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Large U.S. Banks May Fail Amid Recession


Alfrescian (Inf)
And how many hundreds of billions has Ass Loon's wife lost while he boasted a couple of billion he passed back to millions of Sporns?

Large U.S. Banks May Fail Amid Recession, Rogoff Says (Update2)

By Shamim Adam

Aug. 19 (Bloomberg) -- Credit market turmoil has driven the U.S. into a recession and may topple some of the nation's biggest banks, said Kenneth Rogoff, former chief economist at the International Monetary Fund.
``The worst is yet to come in the U.S.,'' Rogoff said in an interview in Singapore today. ``The financial sector needs to shrink; I don't think simply having a couple of medium-sized banks and a couple of small banks going under is going to do the job.''
The U.S. housing slump has triggered more than $500 billion of credit market losses for banks globally and led to the collapse and sale of Bear Stearns Cos., the fifth-largest U.S. securities firm. Rogoff said the government should nationalize Fannie Mae and Freddie Mac, the nation's biggest mortgage-finance companies, which have lost more than 80 percent of market value this year.
Freddie Mac and Fannie Mae ``should have been closed down 10 years ago,'' he said. ``They need to be nationalized, the equity holders should lose all their money. Probably we need to guarantee the bonds, simply because the U.S. has led everyone into believing they would guarantee the bonds.''
U.S. Treasury Secretary Henry Paulson asked Congress on July 13 for emergency powers to inject ``unspecified'' amounts of government funds into the companies if necessary.
Shares Slump
The mortgage lenders have been battered by record delinquencies and rising losses. Fannie Mae fell in European trading to the lowest in 19 years today amid concern the government-chartered companies will fail to raise the capital they need to offset losses. Freddie Mac slid 25 percent yesterday to the lowest since January 1991.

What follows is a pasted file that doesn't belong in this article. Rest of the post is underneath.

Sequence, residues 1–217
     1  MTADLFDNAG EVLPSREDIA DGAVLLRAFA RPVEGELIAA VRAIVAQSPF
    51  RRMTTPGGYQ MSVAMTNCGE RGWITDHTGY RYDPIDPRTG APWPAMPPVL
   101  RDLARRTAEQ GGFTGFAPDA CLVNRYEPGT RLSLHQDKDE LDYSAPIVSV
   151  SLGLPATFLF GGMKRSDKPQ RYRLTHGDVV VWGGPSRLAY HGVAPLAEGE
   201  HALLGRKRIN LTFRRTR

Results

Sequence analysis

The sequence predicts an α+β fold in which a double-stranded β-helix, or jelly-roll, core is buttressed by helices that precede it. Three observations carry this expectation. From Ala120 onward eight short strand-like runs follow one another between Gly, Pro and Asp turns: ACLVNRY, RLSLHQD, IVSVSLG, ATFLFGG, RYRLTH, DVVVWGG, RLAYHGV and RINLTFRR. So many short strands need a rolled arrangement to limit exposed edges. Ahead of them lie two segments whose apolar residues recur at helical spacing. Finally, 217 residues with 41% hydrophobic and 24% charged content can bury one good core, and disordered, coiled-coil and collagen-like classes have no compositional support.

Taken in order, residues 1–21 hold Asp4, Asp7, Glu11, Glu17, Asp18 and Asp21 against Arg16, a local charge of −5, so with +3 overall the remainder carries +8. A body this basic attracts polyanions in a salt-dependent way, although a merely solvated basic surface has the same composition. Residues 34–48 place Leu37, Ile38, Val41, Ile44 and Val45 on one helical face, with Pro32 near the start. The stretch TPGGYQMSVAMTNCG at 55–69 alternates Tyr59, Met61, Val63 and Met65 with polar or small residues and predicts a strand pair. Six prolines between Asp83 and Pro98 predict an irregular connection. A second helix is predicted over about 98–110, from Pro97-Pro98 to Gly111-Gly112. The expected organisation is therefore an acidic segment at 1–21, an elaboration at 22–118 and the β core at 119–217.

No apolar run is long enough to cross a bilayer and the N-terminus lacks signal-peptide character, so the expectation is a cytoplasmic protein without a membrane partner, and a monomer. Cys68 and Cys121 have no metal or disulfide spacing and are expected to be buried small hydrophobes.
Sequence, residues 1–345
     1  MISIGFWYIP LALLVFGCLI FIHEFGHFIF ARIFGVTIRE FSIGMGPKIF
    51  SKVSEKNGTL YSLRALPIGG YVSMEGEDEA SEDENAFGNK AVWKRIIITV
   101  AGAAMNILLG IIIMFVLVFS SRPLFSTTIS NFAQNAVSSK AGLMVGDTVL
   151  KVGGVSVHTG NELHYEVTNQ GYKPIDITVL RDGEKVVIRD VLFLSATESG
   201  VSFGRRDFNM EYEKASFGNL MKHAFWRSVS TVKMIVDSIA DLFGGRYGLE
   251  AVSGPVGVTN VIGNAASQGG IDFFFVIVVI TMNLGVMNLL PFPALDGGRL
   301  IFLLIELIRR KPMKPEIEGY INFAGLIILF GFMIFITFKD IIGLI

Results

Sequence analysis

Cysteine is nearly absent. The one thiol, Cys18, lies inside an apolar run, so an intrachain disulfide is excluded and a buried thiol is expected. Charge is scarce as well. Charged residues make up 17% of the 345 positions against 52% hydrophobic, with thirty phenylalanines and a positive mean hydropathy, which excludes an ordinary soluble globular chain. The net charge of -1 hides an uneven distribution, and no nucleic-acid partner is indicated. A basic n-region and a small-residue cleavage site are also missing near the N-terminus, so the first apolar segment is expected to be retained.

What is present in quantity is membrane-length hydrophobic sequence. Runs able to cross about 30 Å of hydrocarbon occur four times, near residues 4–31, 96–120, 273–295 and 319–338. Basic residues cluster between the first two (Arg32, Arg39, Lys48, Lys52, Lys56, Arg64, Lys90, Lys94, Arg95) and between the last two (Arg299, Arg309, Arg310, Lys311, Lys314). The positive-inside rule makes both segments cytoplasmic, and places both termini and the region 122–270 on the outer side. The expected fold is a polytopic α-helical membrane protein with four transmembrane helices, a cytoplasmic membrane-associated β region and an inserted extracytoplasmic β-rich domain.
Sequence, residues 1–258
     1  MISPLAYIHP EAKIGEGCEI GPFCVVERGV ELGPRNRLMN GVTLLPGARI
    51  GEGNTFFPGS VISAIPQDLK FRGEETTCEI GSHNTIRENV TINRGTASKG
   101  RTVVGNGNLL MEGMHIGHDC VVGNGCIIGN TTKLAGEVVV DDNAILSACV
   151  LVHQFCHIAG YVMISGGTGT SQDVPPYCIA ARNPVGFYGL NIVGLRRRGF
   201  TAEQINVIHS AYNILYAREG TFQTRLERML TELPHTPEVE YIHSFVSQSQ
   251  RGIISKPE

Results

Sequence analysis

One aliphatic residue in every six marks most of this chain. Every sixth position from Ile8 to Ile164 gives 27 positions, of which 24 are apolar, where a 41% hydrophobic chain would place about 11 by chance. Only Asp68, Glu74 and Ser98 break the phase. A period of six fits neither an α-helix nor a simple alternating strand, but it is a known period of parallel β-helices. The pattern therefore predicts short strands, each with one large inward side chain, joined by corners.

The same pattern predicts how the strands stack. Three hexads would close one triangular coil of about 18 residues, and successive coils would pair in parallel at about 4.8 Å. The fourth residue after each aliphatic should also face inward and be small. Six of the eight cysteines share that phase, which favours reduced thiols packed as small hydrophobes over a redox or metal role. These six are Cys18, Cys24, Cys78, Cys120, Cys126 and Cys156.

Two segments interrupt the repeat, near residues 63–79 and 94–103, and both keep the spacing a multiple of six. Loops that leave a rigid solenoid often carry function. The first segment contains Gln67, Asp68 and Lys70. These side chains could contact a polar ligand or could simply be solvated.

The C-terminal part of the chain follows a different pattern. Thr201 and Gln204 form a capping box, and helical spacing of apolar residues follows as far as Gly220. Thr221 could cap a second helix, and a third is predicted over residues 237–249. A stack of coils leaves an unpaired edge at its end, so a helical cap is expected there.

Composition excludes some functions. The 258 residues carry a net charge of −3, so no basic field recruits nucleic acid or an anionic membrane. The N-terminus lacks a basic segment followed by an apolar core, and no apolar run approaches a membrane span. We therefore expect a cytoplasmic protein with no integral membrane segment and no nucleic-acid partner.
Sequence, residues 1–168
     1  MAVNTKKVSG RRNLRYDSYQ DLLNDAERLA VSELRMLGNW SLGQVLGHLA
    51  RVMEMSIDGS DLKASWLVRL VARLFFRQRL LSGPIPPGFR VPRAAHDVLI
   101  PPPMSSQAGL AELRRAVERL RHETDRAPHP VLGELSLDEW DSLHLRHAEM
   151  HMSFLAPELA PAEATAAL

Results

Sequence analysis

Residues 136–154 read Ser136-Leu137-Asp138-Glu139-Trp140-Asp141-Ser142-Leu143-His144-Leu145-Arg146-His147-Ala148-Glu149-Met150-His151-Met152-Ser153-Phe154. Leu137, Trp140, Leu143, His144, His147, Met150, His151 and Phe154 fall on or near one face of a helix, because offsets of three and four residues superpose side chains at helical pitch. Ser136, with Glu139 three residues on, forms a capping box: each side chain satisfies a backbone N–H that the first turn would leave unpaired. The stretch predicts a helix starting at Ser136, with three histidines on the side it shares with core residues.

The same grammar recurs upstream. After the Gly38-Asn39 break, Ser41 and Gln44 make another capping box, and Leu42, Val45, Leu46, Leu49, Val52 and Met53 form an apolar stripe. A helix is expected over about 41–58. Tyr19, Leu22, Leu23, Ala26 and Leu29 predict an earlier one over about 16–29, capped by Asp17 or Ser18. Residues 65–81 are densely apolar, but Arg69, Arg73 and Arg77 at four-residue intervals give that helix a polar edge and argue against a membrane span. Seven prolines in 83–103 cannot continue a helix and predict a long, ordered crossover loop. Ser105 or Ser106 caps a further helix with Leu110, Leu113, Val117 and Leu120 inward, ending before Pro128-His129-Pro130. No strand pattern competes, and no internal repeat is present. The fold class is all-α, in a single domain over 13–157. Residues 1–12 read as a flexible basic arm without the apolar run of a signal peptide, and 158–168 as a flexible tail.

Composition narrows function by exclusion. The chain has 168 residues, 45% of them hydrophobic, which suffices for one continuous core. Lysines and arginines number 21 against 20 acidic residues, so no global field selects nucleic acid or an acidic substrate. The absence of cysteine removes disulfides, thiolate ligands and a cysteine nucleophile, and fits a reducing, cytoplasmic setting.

Banks repossessed almost three times as many U.S. homes in July as a year earlier and the number of properties at risk of foreclosure jumped 55 percent, according to RealtyTrac Inc., an Irvine, California-based seller of foreclosure data. U.S. builders probably broke ground on the fewest houses in 17 years last month, according to a Bloomberg News survey.
Rogoff told a conference in Singapore today that the credit crisis is likely to worsen and a large bank may fail, Reuters reported earlier. Rogoff, 55, is a professor of economics at Harvard University. He was the IMF's chief economist from August 2001 to September 2003.
``Like any shrinking industries, we are going to see the exit of some major players,'' Rogoff told Bloomberg, declining to name the banks he expects to fail. ``We're really going to see a consolidation even among the major investment banks.''
IndyMac Bancorp
IndyMac Bancorp Inc., once the second-largest U.S. independent mortgage lender until it was seized by regulators July 11, filed for bankruptcy protection Aug. 1, three weeks after it was taken over by the Federal Deposit Insurance Corp. amid a run by depositors that left it strapped for cash. Bear Stearns collapsed in March and sold itself to JPMorgan Chase & Co. for $10 a share.
``The only way to put discipline into the system is to allow some companies to go bust,'' Rogoff said. ``You can't just have an industry where they make giant profits or they get bailed out.''
The world's largest economy is already in a recession, and the housing market will continue to deteriorate, Rogoff said. The U.S. slowdown will last into the second half of next year, he said, predicting a faster recovery in Europe and Asia.
The Federal Reserve, which has left its key interest rate at 2 percent after the most aggressive series of rate reductions in two decades, risks raising inflationary pressures, he said.
``Rates are too low,'' Rogoff said. ``They must realize we're going to get inflation if things stay where they are. They need to raise rates but I don't think they are going to because they're way too nervous.''
To contact the reporter on this story: Shamim Adam in Singapore at [email protected].
Last Updated: August 19, 2008 07:17 EDT